Cinco de Mayo Fiesta on a Dime
Cinco de Mayo is associated with yummy food and even yummier drinks. While some may think Cinco de Mayo is the celebration of Mexico’s Independence Day, it’s actually the celebration of their defeat over the French at the Battle of Puebla.
Over the years, Cinco de Mayo has become a celebration for even non-Mexicans who want to eat delicious food and make a toast in honor of the special day! If you’re desperate to throw a Cinco de Mayo party, but don’t have all the right stuff, read on for cheap but hilariously non-Mexican alternatives:
Skinny margaritas that save you calories
Skip expensive, preservative-laden margarita mix and pick up a bottle of the citrus juice of your choice. Orange, lemon, lime—even grapefruit juices make for a tasty (and cheap!) complement to the spirit of choice for Cinco de Mayo, tequila!
Simply mix 3 parts tequila, 2 parts triple sec (this part can be skipped if you don’t have it on hand) and 1 part citrus juice. Serve over rocks, or blended, salt rims optional. To make your life even easier, stir up a batch of several margaritas in one big pitcher, then pour, sit back, relax, and don’t get up again until you need a refill. Cost: $2-$3 per person
Quesadillas made from almost anything you have
Quesadillas are the ultimate last-minute party food. They can be made from any thin, flat bread. Think corn and/or wheat tortillas, split pita pockets, or lavash, all of which can be kept in the freezer to seriously lengthen their lifespans. All you need is cheese (literally any kind you have—even cream cheese will work), optional add-ins, like crumbled bacon, leftover cooked chicken, beef, pork or tofu, canned black beans (drained and rinsed), sliced scallions, black olives, canned green chilies, diced tomatoes, and any stray veggies you may have hanging around. To make the quesadillas, simply layer a little cheese and an add-in or two between 2 tortillas, split pitas, or lavash. Then cook in a little butter or oil (vegetable, canola or olive) over medium heat, until the outside is crispy and the inside is melty. If you want to cook a bunch of ‘dillas ahead of time (look at you, planning ahead!) just keep the cooked ones warm in a 200-degree oven, until you’re ready to cut them into wedges and serve. Cost: $2-$4 per person
Taco bar to satisfy the masses including vegans, say what?
My favorite way to keep guests with a variety of dietary restrictions happy (without springing for seventeen different menus) is to make a taco bar. I make a couple of simple ground or sliced meat options for the carnivores (like ground beef and grilled chicken strips) and sautéed or grilled veggies for the vegetarians and vegans.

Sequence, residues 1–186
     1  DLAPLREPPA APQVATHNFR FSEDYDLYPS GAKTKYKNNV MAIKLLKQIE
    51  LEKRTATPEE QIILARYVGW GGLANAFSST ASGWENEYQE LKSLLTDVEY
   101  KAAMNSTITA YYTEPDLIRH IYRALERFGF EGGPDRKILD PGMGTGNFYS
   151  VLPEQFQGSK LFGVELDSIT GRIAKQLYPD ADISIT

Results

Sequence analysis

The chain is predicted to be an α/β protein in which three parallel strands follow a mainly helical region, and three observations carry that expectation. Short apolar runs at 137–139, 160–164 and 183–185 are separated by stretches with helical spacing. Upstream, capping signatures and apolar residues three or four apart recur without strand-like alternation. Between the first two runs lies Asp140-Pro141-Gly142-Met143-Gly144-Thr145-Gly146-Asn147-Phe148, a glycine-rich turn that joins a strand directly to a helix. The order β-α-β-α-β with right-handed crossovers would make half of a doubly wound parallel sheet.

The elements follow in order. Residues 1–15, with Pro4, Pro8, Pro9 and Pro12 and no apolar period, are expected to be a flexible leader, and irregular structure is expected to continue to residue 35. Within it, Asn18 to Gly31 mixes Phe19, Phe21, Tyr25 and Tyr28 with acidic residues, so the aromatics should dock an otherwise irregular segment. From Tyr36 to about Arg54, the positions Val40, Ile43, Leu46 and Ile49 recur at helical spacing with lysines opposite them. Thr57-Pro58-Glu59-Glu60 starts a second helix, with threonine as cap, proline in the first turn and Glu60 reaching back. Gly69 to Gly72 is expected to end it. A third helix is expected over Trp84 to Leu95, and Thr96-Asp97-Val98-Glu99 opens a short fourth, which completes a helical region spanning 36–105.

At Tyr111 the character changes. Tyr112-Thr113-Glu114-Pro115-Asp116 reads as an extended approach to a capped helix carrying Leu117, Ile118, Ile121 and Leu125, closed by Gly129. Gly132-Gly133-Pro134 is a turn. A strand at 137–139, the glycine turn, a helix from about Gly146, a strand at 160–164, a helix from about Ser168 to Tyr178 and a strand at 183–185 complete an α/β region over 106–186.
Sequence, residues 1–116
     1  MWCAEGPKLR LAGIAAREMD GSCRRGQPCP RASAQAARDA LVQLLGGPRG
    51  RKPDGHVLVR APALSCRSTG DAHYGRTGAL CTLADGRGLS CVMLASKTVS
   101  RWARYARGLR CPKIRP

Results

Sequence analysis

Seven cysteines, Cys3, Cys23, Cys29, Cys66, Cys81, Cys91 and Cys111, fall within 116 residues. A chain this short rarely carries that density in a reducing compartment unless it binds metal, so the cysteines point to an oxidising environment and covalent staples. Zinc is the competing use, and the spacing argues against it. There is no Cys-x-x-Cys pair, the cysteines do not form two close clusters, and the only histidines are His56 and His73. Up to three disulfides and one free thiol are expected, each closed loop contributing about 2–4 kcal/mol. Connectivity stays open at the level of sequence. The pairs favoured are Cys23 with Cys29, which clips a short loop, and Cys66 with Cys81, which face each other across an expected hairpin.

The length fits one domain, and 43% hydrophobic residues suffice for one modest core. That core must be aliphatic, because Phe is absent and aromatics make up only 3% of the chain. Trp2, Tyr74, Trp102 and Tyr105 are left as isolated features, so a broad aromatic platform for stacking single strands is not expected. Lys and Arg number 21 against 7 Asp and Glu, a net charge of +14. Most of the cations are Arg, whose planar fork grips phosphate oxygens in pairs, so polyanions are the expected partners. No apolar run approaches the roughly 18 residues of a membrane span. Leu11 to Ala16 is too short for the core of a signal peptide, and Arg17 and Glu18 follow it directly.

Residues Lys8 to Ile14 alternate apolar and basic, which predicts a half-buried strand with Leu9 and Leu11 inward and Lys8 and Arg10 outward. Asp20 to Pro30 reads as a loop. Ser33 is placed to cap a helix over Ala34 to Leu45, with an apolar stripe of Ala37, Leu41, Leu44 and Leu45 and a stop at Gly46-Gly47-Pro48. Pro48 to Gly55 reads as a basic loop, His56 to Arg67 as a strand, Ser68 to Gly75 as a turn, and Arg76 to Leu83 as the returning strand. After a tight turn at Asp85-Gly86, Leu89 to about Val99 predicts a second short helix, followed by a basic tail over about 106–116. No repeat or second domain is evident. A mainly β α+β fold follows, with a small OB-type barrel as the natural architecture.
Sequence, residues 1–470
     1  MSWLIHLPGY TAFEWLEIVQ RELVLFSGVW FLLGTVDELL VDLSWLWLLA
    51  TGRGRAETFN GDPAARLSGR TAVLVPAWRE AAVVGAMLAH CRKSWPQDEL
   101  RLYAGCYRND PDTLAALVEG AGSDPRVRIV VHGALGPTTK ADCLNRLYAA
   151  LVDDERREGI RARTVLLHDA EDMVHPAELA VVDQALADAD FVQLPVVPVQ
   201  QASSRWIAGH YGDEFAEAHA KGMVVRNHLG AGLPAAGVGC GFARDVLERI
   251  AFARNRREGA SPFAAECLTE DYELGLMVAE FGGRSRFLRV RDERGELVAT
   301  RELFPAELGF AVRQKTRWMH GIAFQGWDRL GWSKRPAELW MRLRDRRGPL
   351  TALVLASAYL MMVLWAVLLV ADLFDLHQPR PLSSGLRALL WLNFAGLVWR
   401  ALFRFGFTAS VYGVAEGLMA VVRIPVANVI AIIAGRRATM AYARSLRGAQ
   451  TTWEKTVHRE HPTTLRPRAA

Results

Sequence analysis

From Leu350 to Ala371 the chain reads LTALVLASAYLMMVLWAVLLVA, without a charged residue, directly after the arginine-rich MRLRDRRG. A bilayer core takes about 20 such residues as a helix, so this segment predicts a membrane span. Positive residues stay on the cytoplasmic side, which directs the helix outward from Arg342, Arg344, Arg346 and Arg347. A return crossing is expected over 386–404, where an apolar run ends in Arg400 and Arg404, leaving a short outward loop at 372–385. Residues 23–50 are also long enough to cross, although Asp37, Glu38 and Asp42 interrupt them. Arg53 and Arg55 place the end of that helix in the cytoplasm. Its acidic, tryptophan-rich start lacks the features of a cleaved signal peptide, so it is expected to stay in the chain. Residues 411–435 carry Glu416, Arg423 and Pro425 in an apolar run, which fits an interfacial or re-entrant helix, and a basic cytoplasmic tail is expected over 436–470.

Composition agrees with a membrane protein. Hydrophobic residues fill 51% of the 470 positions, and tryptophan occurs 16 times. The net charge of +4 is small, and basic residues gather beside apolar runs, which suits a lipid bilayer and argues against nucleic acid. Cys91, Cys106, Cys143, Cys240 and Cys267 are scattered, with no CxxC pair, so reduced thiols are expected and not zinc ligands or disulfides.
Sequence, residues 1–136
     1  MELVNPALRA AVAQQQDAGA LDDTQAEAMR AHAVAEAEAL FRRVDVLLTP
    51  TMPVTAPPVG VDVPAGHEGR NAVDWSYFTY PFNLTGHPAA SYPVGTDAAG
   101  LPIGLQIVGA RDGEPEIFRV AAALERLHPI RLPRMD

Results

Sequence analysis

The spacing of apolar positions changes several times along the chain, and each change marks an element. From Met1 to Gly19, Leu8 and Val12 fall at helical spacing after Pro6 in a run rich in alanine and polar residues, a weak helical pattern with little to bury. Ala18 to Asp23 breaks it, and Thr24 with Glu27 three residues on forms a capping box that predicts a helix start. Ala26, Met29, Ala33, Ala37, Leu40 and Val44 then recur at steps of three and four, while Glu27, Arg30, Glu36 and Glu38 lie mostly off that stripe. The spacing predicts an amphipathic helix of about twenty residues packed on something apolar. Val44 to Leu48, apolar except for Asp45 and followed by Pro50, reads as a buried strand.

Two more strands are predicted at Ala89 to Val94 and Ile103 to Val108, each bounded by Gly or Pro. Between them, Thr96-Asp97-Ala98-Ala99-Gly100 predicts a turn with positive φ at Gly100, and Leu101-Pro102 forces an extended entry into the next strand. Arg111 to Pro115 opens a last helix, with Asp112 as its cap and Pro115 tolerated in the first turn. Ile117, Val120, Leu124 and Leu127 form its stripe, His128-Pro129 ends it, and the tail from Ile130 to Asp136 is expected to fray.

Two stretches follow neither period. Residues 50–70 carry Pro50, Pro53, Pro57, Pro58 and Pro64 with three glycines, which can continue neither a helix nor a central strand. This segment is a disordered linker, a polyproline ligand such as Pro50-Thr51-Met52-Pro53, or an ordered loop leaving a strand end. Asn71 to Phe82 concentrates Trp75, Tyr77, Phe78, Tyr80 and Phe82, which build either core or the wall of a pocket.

I make or buy cheap and easy side dishes like rice, beans and Pico de Gallo, and serve the whole thing with flour and/or corn tortillas, and shredded cheese, sour cream and guacamole. The carnivores get their meat tacos, the vegans get their vegan ones, the paleo folks can make a meat and vegetable bowl, and the picky eaters can put only what they want on their plates. It’s cheap, easy, and a win for everyone! Cost: $3-$6 per person
Pizza dough makes for yummy churros
Storebought Mexican wedding cookies and dulce de leche ice cream makes a fine Cinco de Mayo dessert, but if you feel like doing some super simple baking, you must make Pizza Dough Churros.
While not exactly authentic, these sweet, twisty little guys totally capture the churro spirit. Even better, there’s no messy frying required, as with traditional churros. Just roll 1 pound of store-bought or homemade pizza dough out into a large rectangle (as close to 12″ by 8″ as you can manage), and cut it into 6-inch strips (about 1-inch wide). Dip each strip in melted butter, then toss in cinnamon sugar, and bake in a 375-degree oven for 16-18 minutes, or until golden-brown. Serve warm. I like to serve these with melted chocolate or even Nutella for dipping. Traditionally Mexican it is not, but delicious? It totally is. Cost: $1.50-$2 per person
So what are you waiting for? Pour yourself a homemade margarita and get cooking already!
Gabi Moskowitz is the editor-in-chief of the nationally-acclaimed blog BrokeAss Gourmet and author of The BrokeAss Gourmet Cookbook (May 2012) and Pizza Dough: 100 Delicious, Unexpected Recipes (November 2013). Most recently, she developed “Young and Hungry”, an ABC Family sitcom based on her life and writing. It premiers this summer (2014).